We are one of the few adult couples in the theater and ready to embrace yet another cultural phenomenon, The Hunger Games.
“Am I too old for this film?” I think looking around at the sprawled, giggling, Facebooking teens surrounding us. Too late. It grows dark, and I am instantly engrossed in the film.
The story line and design are amazing, and I find myself rooting for the heroine. But as the film rages on and becomes more graphic with violence, I wonder about all those teens watching.
How are they being impacted? Later, I realized they probably were not as impacted as me. Youth are exposed to constant violence based on their regular exposure to video games, music videos, TV shows, and even the news. It would seem youth are almost immune to it.
On the other hand, I challenge those who believe children are not being impacted by this violence. I am not saying a child who watches a violent show is going to hurt someone else, but research shows that images we see do impact the psyche and brain development.
I have seen many children coming to therapy with problems of nightmares, and after exploring what they are playing and watching, violence is often present. When eliminated, children can have improved sleep. I would encourage all parents to be mindful of what their children are watching, playing, and listening to.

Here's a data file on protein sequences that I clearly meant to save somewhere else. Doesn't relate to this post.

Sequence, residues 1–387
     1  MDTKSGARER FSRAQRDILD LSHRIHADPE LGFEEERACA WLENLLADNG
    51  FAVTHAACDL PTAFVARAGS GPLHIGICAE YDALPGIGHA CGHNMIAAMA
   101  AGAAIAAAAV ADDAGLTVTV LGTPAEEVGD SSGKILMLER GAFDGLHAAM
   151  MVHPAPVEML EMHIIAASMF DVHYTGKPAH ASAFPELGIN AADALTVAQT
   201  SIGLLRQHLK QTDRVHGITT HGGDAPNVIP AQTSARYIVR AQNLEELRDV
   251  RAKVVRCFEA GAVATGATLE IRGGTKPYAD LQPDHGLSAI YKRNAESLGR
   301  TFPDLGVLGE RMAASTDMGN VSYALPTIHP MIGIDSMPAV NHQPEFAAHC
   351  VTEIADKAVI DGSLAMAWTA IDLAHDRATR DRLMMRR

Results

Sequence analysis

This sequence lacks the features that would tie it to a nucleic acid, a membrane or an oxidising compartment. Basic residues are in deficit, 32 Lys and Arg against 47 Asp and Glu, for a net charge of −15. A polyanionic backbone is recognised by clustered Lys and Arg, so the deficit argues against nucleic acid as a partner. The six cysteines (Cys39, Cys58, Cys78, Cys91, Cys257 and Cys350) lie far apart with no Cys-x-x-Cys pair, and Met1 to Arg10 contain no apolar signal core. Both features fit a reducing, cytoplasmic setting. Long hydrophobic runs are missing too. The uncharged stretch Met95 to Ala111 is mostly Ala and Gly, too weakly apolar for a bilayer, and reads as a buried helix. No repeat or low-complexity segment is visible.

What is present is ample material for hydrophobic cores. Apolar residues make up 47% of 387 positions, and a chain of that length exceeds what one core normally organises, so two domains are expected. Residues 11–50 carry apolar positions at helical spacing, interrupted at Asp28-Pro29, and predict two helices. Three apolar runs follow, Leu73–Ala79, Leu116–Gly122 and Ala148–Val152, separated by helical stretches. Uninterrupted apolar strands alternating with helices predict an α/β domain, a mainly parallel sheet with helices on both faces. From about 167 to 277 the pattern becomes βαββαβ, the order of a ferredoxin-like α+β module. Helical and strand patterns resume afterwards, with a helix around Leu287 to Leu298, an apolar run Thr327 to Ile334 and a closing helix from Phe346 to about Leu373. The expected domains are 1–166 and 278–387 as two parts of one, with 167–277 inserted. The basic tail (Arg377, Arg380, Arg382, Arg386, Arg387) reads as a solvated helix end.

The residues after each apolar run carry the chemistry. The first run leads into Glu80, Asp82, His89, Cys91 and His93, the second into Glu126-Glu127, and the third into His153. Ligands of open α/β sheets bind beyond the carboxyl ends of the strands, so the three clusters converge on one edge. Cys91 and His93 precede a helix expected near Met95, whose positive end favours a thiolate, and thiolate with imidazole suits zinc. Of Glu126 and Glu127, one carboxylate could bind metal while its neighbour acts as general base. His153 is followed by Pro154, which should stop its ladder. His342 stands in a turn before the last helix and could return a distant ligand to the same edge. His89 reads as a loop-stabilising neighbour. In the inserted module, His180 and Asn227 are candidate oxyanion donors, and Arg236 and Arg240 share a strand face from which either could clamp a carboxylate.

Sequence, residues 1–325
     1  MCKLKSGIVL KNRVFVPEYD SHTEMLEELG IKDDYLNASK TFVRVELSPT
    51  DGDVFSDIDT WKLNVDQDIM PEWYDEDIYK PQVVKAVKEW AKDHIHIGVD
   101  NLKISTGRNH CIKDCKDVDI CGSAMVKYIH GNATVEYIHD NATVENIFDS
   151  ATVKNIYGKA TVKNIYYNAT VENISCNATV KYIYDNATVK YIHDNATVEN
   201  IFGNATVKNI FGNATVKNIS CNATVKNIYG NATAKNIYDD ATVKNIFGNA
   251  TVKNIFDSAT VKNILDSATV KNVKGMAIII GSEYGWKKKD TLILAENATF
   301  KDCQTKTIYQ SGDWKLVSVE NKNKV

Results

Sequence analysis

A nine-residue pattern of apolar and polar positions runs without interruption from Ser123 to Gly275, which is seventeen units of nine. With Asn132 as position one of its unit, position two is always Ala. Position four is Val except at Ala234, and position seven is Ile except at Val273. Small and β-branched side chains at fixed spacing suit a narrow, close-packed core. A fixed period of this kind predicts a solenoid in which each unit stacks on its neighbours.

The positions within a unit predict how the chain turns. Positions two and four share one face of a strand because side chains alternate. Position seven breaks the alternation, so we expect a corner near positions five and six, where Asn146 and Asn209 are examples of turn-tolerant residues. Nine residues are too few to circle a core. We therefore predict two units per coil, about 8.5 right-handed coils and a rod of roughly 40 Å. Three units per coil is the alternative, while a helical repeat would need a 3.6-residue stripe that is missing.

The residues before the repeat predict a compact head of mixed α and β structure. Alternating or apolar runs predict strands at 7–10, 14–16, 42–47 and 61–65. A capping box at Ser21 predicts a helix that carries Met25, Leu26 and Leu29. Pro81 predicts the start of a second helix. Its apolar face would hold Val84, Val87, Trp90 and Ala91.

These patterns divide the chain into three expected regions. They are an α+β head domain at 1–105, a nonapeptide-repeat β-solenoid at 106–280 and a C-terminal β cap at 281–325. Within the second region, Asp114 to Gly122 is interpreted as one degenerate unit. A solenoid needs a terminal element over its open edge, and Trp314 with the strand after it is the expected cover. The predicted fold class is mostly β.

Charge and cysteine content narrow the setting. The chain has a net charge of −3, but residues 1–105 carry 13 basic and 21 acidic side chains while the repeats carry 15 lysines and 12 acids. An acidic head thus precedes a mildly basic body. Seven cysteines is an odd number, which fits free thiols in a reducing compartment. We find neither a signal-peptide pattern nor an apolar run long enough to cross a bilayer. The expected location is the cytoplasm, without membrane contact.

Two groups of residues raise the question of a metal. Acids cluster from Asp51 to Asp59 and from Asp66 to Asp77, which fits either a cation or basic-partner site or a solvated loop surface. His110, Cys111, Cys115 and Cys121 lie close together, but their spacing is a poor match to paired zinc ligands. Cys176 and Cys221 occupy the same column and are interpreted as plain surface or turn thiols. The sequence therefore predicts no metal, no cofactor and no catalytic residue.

It is up to parents to decide what is age appropriate and take a stand for those things impacting their children in a negative way. It can feel awkward for parents to take away things they once allowed their children to do and see. I challenge parents to explore the many wonderful forms of media not involving violence and introduce children to more peaceful forms of entertainment.
I know parents’ reach with teens is only so far, and I would encourage parents of teens to talk about what they are being exposed to and keep teens grounded in reality through discussing how to problem solve and enjoy life without violence.